Revolade (eltrombopag) is indicated for chronic immune (idiopathic) thrombocytopenic purpura (ITP) patients aged 1 year and above who are refractory to other treatments (e.g. corticosteroids, immunoglobulins).
Revolade is indicated in adult patients with chronic hepatitis C virus (HCV) infection for the treatment of thrombocytopenia, where the degree of thrombocytopenia is the main factor preventing the initiation or limiting the ability to maintain optimal interferon-based therapy.
Revolade is indicated in adult patients with acquired severe aplastic anaemia (SAA) who were either refractory to prior immunosuppressive therapy or heavily pretreated and are unsuitable for hematopoietic stem cell transplantation.
This information is based on the European Summary of Product Characteristics. The prescribing information in your country may vary; please consult your local prescribing information and/or contact your local Novartis representative.
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Revolade Important Safety Information Revolade may cause serious side effects, such as liver problems, high platelet counts and a higher chance for blood clots, bleeding after stopping treatment, and bone marrow problems.
Revolade may damage the liver and cause serious, even life threatening, illness. Blood tests to check the liver are needed before taking Revolade and during treatment. When certain antiviral treatments are given together with Revolade for the treatment of thrombocytopenia due to hepatitis C virus (HCV) infections, some liver problems can get worse.
A doctor will order the blood tests and any other tests required. In some cases Revolade treatment may need to be stopped. Patients should tell a doctor right away if they have any of these signs and symptoms of liver problems: yellowing of the skin or the whites of the eyes (jaundice), unusual darkening of the urine, unusual tiredness, right upper stomach area pain.
Patients have a higher chance of getting a blood clot if their platelet count is too high during treatment with Revolade, but blood clots can occur with normal or even low platelet counts. Patients who have cirrhosis of the liver are at risk of a blood clot in a blood vessel that feeds the liver. Patients may have severe complications from some forms of blood clots, such as clots that travel to the lungs or that cause heart attacks or strokes. A doctor will check the patient's blood platelet counts, and change the dose or stop Revolade if platelet counts get too high. Patients should tell their doctor right away if they have signs and symptoms of a blood clot in the leg, such as swelling or pain/tenderness of one leg.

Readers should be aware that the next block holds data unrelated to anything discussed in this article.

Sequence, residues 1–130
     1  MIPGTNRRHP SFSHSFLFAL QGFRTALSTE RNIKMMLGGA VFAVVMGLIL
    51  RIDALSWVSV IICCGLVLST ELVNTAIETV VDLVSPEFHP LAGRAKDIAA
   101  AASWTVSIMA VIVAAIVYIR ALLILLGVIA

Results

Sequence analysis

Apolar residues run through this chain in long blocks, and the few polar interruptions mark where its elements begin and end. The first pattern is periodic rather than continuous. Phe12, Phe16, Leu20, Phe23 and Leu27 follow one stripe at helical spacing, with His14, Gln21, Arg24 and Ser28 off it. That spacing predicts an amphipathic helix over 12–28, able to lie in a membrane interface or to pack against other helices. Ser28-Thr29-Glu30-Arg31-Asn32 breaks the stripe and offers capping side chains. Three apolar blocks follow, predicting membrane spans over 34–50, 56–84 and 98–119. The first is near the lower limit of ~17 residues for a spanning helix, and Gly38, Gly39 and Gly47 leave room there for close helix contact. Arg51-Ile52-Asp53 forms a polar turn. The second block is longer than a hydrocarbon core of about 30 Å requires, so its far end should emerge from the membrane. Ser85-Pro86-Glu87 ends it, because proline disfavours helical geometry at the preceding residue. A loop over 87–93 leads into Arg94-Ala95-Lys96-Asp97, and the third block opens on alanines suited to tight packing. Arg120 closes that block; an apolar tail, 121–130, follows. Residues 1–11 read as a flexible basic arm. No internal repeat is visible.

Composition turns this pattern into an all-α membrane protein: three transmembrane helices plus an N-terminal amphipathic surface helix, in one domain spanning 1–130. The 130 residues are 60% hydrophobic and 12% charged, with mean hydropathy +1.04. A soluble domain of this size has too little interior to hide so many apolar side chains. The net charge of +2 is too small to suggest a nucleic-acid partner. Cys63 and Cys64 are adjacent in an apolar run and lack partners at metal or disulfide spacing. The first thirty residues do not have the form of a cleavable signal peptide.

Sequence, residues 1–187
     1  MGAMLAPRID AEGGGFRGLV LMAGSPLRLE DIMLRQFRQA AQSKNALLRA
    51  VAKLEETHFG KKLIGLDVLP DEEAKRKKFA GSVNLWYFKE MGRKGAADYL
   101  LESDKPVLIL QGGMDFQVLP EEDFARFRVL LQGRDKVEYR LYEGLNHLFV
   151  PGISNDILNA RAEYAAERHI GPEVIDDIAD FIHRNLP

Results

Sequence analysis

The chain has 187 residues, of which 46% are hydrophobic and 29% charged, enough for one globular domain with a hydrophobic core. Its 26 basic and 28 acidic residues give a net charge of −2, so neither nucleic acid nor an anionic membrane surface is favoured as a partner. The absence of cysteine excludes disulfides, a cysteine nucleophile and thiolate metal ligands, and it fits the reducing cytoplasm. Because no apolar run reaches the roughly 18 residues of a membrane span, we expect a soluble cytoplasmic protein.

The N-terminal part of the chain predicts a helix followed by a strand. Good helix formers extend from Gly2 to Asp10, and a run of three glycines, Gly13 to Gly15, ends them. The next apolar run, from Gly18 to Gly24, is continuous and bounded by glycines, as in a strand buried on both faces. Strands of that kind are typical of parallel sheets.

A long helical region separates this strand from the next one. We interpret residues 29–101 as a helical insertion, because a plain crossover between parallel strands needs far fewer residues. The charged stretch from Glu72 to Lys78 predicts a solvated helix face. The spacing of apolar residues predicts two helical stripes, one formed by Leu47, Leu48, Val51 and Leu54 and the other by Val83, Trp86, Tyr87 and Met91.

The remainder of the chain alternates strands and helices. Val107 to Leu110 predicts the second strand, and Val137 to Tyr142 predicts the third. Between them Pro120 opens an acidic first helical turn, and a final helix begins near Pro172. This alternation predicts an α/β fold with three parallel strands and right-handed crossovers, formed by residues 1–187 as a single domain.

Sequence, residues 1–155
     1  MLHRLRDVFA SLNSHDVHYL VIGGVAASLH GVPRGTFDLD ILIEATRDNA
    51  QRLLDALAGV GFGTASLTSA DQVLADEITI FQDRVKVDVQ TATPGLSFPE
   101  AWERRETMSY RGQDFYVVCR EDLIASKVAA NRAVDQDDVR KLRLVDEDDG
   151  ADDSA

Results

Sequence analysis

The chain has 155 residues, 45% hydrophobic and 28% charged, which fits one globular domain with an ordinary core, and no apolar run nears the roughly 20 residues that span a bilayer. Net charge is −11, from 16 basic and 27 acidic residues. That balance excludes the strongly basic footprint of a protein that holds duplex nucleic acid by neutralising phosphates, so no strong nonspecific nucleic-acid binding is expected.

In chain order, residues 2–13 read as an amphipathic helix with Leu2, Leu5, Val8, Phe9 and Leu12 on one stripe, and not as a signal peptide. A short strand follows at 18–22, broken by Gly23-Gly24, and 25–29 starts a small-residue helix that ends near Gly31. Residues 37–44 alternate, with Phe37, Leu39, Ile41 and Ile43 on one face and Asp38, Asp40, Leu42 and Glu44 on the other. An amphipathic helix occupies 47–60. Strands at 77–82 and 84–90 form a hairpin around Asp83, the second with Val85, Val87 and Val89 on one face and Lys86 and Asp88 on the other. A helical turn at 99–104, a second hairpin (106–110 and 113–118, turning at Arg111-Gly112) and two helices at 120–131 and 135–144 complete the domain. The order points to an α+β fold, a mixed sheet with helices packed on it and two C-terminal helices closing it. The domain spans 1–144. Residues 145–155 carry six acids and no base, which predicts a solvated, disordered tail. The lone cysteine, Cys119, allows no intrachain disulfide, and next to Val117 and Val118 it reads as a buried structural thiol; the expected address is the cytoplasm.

When patients with chronic ITP stop taking Revolade, their blood platelet count will drop back down to what it was before they started taking Revolade. These effects are most likely to happen within 4 weeks after patients stop taking Revolade. The lower platelet counts may increase risk of bleeding. A doctor will check platelet counts for at least 4 weeks after patients stop taking Revolade. Patients should tell their doctor or pharmacist if they have any bruising or bleeding after they stop taking Revolade.
Patients being treated for the disease may have problems with their bone marrow. Medicines like Revolade could make this problem worse. Signs of bone marrow changes may show up as abnormal results in blood tests. A doctor may also carry out tests to directly check the bone marrow during treatment with Revolade.
The most common side effects of Revolade when used to treat adult patients with chronic ITP include headache, anemia, decreased appetite, insomnia, cough, nausea, diarrhea, alopecia, pruritus, myalgia, pyrexia, fatigue, influenza-like illness, asthenia, chills and peripheral edema.
The most common side effects of Revolade when used to treat pediatric patients with chronic ITP include upper respiratory tract infection, nasopharyngitis, cough, diarrhea, pyrexia, rhinitis, abdominal pain, oropharyngeal pain, toothache, rash, increased AST and rhinorrhea.
The most common side effects of Revolade when used to treat patients with chronic HCV and antiviral agents include headache, anemia, decreased appetite, insomnia, cough, nausea, diarrhea, alopecia, pruritus, myalgia, pyrexia, fatigue, influenza-like illness, asthenia, chills and peripheral edema.
The most common side effects of Revolade when used to treat patients with severe aplastic anemia (SAA) include headache, dizziness, insomnia, cough, dyspnea, oropharyngeal pain, rhinorrhea, nausea, diarrhea, abdominal pain, transaminases increased, ecchymosis, arthralgia, muscle spasms, pain in extremity, fatigue, febrile neutropenia, and pyrexia. Common side effects that may show up in blood tests include increase in some liver enzymes and laboratory tests that may show abnormal changes to the cells in the bone marrow.
Please see full EU Summary of Product Characteristics for Revolade (eltrombopag).